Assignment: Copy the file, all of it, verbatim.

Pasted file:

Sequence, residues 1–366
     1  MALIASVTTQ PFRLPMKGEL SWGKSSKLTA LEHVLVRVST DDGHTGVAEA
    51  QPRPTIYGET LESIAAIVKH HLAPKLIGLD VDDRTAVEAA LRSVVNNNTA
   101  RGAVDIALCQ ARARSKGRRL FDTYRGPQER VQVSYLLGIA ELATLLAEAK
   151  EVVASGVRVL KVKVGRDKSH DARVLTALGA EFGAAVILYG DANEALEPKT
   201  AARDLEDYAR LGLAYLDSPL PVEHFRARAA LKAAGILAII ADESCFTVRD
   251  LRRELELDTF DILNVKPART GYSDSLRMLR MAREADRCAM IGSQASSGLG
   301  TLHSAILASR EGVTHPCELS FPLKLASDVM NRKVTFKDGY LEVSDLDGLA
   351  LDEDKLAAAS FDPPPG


Sequence, residues 1–366
     1  MALIASVTTQ PFRLPMKGEL SWGKSSKLTA LEHVLVRVST DDGHTGVAEA
    51  QPRPTIYGET LESIAAIVKH HLAPKLIGLD VDDRTAVEAA LRSVVNNNTA
   101  RGAVDIALCQ ARARSKGRRL FDTYRGPQER VQVSYLLGIA ELATLLAEAK
   151  EVVASGVRVL KVKVGRDKSH DARVLTALGA EFGAAVILYG DANEALEPKT
   201  AARDLEDYAR LGLAYLDSPL PVEHFRARAA LKAAGILAII ADESCFTVRD
   251  LRRELELDTF DILNVKPART GYSDSLRMLR MAREADRCAM IGSQASSGLG
   301  TLHSAILASR EGVTHPCELS FPLKLASDVM NRKVTFKDGY LEVSDLDGLA
   351  LDEDKLAAAS FDPPPG